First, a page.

The Value of Promoting Respect in Schools

A Policy to Promote Respect in Schools

respect in schools
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The value of respect in school cannot be undersold.  It is as powerful of a change agent as a new program or a great teacher.  A lack of respect can be downright detrimental, completely undermining the mission of teaching and learning.  In recent years, it seems that a "respectful learning environment" is almost non-existent in many schools across the country.

It seems that there is a handful of daily news stories highlighting disrespect levied against teachers by students, parents, and even other teachers.

Unfortunately, this is not a one-way street. You regularly hear stories regarding teachers who abuse their authority one way or another.  This is a sad reality that needs to change immediately.

How can teachers expect their students to respect them if they are not willing to be respectful to their students?  Respect must often be discussed, but more importantly regularly modeled by teachers.  When a teacher refuses to be respectful to their students, it undermines their authority and creates a natural barrier that hinders student learning.  Students will not thrive in an environment where the teacher oversteps their authority. The good news is that most teachers are respectful towards their students on a consistent basis.

Just a few decades ago, teachers were revered for their contributions. Sadly, those days are seemingly gone.  Teachers used to get the benefit of the doubt. If a student made a poor grade, it was because the student was not doing what they were supposed to be doing in class.

Now, if a student is failing, the blame is often laid on the teacher. Teachers can only do so much with the limited time that they have with their students. It is easy for society to lay blame on the teachers and make them the scapegoats. It speaks to the general lack of respect for all teachers.

When respect becomes the norm, the teachers are impacted significantly as well.

Retaining and attracting great teachers becomes easier when there is an expectation of a respectful learning environment. No teacher enjoys classroom management. There is no denying that it is a critical component of teaching. However, they are called teachers, not classroom managers.  A teacher's job becomes much simpler when they are able to utilize their time to teach rather than disciplining their students.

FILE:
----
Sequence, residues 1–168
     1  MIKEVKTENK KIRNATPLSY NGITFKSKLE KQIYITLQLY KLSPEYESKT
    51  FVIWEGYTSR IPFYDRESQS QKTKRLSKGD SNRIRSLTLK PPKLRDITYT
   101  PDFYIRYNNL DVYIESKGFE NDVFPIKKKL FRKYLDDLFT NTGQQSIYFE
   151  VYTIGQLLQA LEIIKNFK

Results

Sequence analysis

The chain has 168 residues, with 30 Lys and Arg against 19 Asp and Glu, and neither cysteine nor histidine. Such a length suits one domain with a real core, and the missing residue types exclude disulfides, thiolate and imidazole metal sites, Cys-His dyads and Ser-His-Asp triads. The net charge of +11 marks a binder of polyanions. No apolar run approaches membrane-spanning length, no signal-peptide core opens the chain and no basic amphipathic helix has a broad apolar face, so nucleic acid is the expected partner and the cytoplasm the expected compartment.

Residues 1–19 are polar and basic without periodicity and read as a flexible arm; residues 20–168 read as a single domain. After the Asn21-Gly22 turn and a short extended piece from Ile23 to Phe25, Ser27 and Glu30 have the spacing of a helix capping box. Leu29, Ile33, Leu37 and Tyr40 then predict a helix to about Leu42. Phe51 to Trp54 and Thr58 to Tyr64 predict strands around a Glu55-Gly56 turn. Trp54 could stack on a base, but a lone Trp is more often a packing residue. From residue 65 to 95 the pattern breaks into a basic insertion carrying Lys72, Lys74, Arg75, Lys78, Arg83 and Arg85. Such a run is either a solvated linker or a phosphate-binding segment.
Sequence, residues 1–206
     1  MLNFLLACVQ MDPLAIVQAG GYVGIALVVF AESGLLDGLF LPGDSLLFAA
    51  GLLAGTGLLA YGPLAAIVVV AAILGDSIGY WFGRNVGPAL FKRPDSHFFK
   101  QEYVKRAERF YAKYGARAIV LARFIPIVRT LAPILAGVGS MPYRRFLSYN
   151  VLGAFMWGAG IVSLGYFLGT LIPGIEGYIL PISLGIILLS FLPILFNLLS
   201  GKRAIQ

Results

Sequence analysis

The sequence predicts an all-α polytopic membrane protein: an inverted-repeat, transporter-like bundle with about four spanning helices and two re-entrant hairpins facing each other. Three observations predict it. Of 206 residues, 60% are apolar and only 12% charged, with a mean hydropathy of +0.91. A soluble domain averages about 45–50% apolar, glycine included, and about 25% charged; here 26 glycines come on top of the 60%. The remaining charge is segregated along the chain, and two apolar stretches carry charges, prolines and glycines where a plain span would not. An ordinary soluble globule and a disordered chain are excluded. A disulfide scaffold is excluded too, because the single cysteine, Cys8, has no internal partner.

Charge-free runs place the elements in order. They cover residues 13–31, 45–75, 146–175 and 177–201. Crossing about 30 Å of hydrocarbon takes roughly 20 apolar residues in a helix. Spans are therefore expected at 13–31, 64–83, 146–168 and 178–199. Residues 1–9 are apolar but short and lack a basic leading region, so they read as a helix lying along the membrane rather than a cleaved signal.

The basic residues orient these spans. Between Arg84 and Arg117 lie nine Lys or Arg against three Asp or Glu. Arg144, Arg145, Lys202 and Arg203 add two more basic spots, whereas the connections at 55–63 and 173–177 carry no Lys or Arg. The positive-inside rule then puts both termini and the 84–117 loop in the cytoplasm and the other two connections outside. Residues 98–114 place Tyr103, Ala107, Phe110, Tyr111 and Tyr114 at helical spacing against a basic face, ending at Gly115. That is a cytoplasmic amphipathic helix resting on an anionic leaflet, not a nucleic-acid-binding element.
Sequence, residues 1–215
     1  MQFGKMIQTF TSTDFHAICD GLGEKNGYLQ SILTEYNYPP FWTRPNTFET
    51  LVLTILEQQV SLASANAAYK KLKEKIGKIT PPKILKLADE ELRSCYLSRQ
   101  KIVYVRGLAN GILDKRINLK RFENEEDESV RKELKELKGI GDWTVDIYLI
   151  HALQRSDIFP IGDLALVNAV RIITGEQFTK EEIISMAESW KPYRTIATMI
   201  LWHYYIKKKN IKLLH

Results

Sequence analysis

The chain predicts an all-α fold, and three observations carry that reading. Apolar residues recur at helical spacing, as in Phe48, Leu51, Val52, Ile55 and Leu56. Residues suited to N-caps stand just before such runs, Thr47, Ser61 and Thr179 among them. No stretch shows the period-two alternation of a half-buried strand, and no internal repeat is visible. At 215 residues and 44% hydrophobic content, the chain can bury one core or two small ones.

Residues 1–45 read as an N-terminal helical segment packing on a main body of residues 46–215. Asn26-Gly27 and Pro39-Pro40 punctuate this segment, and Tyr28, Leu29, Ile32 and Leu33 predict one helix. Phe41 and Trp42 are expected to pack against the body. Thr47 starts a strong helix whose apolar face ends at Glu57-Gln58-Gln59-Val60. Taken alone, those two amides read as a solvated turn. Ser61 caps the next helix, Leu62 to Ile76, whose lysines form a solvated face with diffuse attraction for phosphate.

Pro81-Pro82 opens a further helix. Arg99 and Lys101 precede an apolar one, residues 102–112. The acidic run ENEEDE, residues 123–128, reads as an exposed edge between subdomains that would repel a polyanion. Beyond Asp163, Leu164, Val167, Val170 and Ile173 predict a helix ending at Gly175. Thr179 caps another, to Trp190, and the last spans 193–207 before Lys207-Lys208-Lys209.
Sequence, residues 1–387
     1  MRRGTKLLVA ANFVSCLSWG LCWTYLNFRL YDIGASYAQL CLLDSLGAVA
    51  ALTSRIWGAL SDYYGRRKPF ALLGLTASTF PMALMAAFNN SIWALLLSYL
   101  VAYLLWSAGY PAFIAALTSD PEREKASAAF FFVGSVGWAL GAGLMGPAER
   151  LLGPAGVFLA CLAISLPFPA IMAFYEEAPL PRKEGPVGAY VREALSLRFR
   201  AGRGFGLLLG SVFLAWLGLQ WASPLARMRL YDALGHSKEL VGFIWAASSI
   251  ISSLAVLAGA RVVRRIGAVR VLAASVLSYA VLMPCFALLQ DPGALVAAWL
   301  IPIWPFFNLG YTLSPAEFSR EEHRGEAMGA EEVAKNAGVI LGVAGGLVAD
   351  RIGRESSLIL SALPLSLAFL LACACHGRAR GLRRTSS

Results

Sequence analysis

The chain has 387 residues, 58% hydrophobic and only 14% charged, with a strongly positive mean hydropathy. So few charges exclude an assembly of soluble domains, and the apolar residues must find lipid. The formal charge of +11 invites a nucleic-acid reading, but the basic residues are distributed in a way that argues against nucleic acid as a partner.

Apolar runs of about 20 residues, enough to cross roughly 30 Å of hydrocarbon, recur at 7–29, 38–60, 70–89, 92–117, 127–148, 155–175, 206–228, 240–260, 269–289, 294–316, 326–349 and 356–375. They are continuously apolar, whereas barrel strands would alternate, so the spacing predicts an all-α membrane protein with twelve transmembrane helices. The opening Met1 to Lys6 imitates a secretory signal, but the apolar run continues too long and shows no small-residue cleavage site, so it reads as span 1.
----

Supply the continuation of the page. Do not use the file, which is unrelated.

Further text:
This lack of respect in schools can ultimately be traced back to what is taught in the home. To be blunt, many parents fail to instill the importance of core values such as respect as they once did.  Because of this, like many things in today's society, the school has had to take on the responsibility of teaching these principles through character education programs. 

Schools must intervene and implement programs that foster mutual respect in beginning grades. Instilling respect as a core value in schools will improve the over culture of a school and ultimately lead to more individual success as students feel safe and comfortable with their environment.

A Policy to Promote Respect in Schools

Respect denotes both a positive feeling of esteem for a person and also specific actions and conducts representative of that esteem.

Respect can be defined as allowing yourself and others to do and be their best.

It is the goal of Any Where Public Schools to creative a mutually respectful atmosphere between all individuals involved within our school including administrators, teachers, staff members, students, parents, & visitors.

As such, all entities are expected to remain respectful to each other at all times. Students and teachers especially are expected to greet each other with kind words and student/teacher exchanges should be friendly, in an appropriate tone, and should remain respectable. The majority of student/teacher interaction should be positive.

All school personnel and students are expected to use the following words that show respect for another person at the appropriate times when addressing each other:

  • Please
  • Thank You
  • Your Welcome
  • Excuse Me
  • May I Help You
  • Yes Sir, No Sir or Yes Ma'am, No Ma'am